Several questions are raised: Who should be angry with whom? Who is to blame? Who is better off — Kashmiri Muslims or Kashmiri Pandits? Who suffers more — the ones who had to leave, or the ones who could not leave? Onir doesn’t answer. The answers lie tangled in the rolls of barbed wire outside homes, muhallas. And beyond that there is unbearable sadness.
The third story, set in Bengaluru, is of Abhimanyu (Sanjay Suri). A film-maker, Abhi tells his friend Natasha (Radhika Apte) about his regular dream — he is prancing around, playing with his mother, and he is always a young, pretty girl.
But Abhi is not a likeable guy. He uses people and his sexual orientation is ambiguous. He will be what you want him to be — if he has a use for you, that is. But these days Abhi is hassled by his mother’s phone calls, pestering him to visit his dying step-father. Should Abhi go meet the man who sexually abused him for years, every month, twice a month, when his mother would go to visit her parents?
Abhi never told his mother. He was too little, too scared, and step-father slapped hard and had a beard. So Abhi learned quick — to shut up, to endure, even enjoy, and to exploit. He also figured that he was kinda special.
Step-father dies and Abhi finally visits his grieving mother. To tell her and to ask — Did you not know?
The last, and the most brutal and explicit story, is about Jai (Rahul Bose), Omar (Arjun Mathur) and life with Section 377 of the Indian Penal Code. Jai is prim and cruising for a “special one”. His eyes light up when he spots Omar, a struggling actor. Omar seems cute, vulnerable, interested.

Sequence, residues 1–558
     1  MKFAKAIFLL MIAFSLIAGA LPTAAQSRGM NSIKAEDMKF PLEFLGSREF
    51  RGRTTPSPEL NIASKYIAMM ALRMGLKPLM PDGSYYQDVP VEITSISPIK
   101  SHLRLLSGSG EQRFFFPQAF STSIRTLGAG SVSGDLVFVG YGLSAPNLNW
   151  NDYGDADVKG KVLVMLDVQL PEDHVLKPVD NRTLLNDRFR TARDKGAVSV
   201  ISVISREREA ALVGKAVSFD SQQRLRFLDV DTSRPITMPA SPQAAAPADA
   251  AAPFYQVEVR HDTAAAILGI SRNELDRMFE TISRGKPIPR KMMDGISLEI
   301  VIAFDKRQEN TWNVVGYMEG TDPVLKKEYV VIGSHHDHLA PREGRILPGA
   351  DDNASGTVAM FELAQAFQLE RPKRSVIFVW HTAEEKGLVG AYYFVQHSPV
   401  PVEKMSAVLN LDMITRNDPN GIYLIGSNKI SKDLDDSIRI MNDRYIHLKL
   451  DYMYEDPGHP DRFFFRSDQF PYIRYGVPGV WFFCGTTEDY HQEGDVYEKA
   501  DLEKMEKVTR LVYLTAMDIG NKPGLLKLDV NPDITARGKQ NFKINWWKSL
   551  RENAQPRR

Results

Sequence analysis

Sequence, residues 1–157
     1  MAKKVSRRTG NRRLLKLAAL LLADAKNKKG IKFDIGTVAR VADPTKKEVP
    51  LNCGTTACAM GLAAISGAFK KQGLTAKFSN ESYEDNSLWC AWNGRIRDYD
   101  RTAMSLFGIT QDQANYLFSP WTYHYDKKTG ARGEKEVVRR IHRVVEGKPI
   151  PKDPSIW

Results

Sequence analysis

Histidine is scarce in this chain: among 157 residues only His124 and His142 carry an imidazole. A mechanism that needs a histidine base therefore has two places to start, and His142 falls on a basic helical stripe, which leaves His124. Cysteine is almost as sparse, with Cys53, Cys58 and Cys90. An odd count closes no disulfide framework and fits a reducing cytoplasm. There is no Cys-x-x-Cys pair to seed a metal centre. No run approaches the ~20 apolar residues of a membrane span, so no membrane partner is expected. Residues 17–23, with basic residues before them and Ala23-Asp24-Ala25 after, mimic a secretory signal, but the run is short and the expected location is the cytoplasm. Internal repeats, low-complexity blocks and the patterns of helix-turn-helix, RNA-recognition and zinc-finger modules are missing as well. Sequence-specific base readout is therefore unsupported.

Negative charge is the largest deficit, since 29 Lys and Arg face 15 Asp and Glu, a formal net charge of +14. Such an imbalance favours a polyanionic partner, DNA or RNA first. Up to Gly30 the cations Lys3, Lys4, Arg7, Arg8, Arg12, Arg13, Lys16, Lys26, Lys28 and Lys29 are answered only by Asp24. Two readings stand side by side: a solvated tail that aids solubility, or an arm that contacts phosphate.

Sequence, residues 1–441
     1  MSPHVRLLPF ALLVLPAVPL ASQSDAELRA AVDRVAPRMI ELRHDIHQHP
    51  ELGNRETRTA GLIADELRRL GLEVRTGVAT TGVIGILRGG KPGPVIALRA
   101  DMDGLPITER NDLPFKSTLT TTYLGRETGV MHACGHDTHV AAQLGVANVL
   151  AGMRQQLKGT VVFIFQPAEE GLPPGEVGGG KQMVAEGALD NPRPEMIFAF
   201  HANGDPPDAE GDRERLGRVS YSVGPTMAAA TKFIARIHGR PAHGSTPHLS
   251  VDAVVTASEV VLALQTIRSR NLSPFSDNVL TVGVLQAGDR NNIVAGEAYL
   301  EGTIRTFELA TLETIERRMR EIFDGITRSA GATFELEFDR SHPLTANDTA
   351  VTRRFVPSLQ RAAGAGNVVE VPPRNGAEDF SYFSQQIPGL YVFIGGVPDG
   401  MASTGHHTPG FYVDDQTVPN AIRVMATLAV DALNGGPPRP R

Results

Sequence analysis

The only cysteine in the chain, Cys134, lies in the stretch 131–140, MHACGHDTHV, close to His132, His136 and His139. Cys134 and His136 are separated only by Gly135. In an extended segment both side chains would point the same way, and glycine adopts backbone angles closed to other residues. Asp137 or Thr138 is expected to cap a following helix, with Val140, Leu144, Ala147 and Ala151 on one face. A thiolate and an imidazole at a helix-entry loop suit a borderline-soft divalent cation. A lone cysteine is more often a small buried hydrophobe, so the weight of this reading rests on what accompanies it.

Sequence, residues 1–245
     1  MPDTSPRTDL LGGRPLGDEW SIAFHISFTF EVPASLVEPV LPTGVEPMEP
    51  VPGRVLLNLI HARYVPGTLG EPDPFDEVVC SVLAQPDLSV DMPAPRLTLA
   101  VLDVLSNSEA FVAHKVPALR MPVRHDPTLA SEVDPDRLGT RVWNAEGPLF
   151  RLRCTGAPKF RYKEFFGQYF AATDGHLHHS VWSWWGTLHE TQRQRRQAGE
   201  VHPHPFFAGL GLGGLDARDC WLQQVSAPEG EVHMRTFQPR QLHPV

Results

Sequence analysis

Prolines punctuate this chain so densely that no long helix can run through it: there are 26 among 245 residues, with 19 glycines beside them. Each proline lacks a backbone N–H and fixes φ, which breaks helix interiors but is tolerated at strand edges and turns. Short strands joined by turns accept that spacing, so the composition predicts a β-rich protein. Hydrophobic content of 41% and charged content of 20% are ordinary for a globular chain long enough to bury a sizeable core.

They chat, flirt and decide to go for a drive in search of a secluded spot since Jai’s parents are visiting. Jai is on top, smooching Omar, when a cop knocks on the window. What happens after is disturbing — not just because it is true, because it is still happening to “them”.
Director Onir’s choice of stories is brave and his direction both cunning and brilliant. He weaves in unrelated stories in such a way that one seamlessly leads to the other. His politics and his confidence are both in-your-face and unapologetic — he even brings in several seemingly unrelated issues, like Marathi chauvinism in Jai’s story, to bring forth the prjudices unique to our cities. Shot on location, each segment has the flavour of its city and its politics. The song in the opening credits, Baangur, sung by Mame Khan, is outstanding.
All the characters in I Am are, to use Mohan Rakesh’s phrase, adhe-adhure. Longing, searching, parts of them broken beyond repair.
I Am can boast of some very powerful performances, especially Abhimanyu Shekhar Singh and Sanjay Suri. But none comes close to Rahul Bose. This would be Rahul Bose’s most powerful performance ever. He is a laser-beam that burns a hole in the screen.
I Am is part financed by Facebook friends, fans and strangers moved by its stories. Indian cinema will remain eternally thankful for their investment, emotion.